In India last week, the charismatic and controversial Narendra Modi, leader of the Bharatiya Janata (Indian People’s) Party, or BJP, scored a landslide victory in India’s parliamentary elections, ushering in a major leadership change for one of the world’s biggest countries.

Modi campaigned on the platform of returning India to aggressive year-on-year economic growth, a critical step to raising hundreds of millions from abject poverty.

One key aspect of Modi’s plan is India’s full electrification. The incoming BJP government wants to bring electricity to every Indian household by 2019, principally through the use of solar power, according to Narendra Taneja, one of the party’s energy advisers.

It is an ambitious goal befitting Modi’s idea that the twenty-first century “belongs” to India, but one that will require significant shifts in Indian policy.

Expanding Solar and Transitioning from Coal

In India, 400 million people lack access to electricity, mostly in rural areas, where the electrification rate is only around 60 percent.

By contrast, South Asia, China, and East Asia have electrification rates near 86 percent for their rural populations. As an additional challenge, much of the electricity currently generated—nearly 60 percent—is from coal, the world’s biggest climate change offender, according to figures from India’s Central Electricity Authority.

Renewable sources currently account for only around 12 percent of electricity generation. Thus, India will not only have to roll out a lot of new solar to bridge the 400 million gap, but Modi’s goal would also have to be much more aggressive to eventually replace its long-standing coal generation capacity with cleaner sources.

Unfortunately for those solar prospects, much of India’s installation is too focused on large-scale utility-sized plant projects, as opposed to distributed generation—think of solar panels on someone’s house—which would make more sense for India’s rural population.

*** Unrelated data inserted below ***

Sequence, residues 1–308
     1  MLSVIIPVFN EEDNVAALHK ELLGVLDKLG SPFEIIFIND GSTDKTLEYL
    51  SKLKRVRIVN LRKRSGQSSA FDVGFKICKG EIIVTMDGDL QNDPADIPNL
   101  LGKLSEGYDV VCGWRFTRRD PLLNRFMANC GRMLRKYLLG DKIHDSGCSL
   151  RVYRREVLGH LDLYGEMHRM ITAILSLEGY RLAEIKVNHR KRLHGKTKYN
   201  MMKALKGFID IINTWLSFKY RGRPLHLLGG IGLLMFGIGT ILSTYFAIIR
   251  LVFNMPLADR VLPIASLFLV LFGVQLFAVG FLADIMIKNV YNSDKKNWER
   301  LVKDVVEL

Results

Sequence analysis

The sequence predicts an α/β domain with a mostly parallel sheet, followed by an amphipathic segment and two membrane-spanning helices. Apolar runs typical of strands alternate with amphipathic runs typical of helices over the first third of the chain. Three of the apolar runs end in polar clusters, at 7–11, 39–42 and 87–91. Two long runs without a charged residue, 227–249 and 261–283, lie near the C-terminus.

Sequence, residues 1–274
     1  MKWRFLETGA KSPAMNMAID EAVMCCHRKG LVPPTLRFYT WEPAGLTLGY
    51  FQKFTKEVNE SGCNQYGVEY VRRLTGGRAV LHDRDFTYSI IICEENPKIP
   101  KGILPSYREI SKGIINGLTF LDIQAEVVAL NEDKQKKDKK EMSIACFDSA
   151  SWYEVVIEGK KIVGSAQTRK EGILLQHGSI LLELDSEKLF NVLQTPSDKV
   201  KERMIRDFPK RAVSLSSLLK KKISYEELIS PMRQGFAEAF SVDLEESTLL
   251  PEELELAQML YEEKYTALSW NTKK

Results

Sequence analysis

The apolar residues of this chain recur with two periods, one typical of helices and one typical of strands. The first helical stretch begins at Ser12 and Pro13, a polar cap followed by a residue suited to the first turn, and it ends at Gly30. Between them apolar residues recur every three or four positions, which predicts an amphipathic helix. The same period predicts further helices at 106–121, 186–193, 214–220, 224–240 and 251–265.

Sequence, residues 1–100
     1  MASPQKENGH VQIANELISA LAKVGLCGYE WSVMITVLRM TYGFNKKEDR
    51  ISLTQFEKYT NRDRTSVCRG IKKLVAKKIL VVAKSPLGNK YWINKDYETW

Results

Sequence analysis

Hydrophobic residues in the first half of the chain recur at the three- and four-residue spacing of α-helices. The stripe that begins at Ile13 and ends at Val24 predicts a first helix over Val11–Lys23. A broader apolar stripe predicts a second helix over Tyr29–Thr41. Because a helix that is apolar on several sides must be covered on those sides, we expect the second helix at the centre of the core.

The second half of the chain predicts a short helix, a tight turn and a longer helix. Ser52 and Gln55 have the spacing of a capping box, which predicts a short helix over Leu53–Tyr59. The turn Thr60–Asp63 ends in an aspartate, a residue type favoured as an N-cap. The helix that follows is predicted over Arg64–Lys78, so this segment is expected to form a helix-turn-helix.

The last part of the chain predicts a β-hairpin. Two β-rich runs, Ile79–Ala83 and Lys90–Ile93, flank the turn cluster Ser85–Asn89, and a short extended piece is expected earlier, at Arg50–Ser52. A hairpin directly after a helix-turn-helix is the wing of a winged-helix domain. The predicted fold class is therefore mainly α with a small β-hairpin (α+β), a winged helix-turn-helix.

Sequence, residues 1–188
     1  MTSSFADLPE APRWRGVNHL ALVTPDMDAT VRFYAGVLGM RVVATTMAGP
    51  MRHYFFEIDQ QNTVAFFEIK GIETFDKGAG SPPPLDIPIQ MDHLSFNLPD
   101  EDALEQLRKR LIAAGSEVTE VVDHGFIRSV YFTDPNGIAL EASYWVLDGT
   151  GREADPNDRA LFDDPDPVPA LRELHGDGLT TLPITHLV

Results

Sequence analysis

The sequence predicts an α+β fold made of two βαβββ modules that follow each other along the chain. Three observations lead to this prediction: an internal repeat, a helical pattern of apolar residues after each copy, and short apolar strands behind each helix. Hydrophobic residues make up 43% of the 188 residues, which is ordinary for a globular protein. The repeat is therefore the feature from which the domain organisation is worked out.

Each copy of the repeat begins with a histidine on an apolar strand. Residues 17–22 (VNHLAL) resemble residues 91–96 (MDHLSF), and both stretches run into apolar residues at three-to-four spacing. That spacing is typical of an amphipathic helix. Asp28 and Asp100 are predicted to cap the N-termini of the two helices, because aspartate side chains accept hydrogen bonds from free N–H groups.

Recently, India has succeeded in increasing its solar generation, mostly through then Jawaharlal Nehru National Solar Mission, convened by the outgoing Singh government, as well as various policies at the state level.

But, India’s policy framework falls far short of distributed generation’s potential. Of particular concern is India’s domestic content requirements (DCR), which mandate that much of the electricity generation capital stock be manufactured in India.

This prevents fuller cooperation with overseas firms and governments. (Indeed, the DCRs are the subject of competing World Trade Organization claims between India and the United States.)

Nuclear Power and Natural Gas

Of course, solar is not the only method for expanding clean generation. India wants to grow its nuclear industry, but has faced challenges in securing foreign investment, often blamed on its strict liability provisions. The governmental change in Delhi might occasion a re-think of that law’s strictures.

Additionally, Indian officials have been keen about serving as an export destination for American liquified natural gas (LNG). While natural gas is not carbon-free, it is a lot cleaner than coal.

Such a move would require closer economic relations between India and the United States. (Since no free trade agreement exists between the two countries, American companies need permission from the U.S. government to export natural gas).

The partnership has suffered in recent years, after the high point of the civilian nuclear agreement of 2005. It is not inconceivable that a renewed focus on the relationship would include extended discussions on energy cooperations.

Whatever method is pursued, what Modi envisions is nothing less than an astounding advance for the standard of living for the average Indian. For strategic reasons, the United States should be invested in ensuring the success of that project.